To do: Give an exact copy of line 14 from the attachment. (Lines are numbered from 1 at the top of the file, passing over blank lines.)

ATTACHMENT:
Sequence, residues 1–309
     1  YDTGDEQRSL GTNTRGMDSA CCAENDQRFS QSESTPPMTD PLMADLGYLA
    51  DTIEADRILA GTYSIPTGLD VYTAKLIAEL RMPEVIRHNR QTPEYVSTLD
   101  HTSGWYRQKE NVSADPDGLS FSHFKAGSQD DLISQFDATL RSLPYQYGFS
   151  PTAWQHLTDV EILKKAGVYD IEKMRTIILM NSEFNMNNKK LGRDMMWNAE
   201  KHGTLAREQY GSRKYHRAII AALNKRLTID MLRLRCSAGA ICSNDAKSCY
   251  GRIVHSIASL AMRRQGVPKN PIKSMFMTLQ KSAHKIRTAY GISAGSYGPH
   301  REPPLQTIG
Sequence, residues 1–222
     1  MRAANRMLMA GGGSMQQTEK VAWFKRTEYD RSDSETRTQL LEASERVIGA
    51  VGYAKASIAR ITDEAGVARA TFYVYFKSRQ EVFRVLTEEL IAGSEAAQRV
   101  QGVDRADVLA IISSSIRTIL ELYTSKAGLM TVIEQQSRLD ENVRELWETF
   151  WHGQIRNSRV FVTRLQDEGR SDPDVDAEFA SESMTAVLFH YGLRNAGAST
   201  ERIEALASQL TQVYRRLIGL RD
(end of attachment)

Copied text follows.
   201  ERIEALASQL TQVYRRLIGL RD